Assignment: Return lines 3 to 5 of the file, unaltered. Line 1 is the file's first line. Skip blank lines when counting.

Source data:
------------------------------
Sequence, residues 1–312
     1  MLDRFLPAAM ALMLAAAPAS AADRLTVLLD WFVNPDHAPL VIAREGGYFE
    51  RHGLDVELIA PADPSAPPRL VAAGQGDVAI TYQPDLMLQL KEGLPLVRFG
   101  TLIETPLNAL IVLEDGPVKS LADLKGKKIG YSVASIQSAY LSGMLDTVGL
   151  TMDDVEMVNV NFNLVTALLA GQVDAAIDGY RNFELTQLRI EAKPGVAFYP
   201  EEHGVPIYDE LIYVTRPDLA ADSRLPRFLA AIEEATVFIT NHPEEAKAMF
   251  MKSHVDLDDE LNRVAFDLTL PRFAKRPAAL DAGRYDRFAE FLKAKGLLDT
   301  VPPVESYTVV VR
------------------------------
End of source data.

    51  RHGLDVELIA PADPSAPPRL VAAGQGDVAI TYQPDLMLQL KEGLPLVRFG
   101  TLIETPLNAL IVLEDGPVKS LADLKGKKIG YSVASIQSAY LSGMLDTVGL
   151  TMDDVEMVNV NFNLVTALLA GQVDAAIDGY RNFELTQLRI EAKPGVAFYP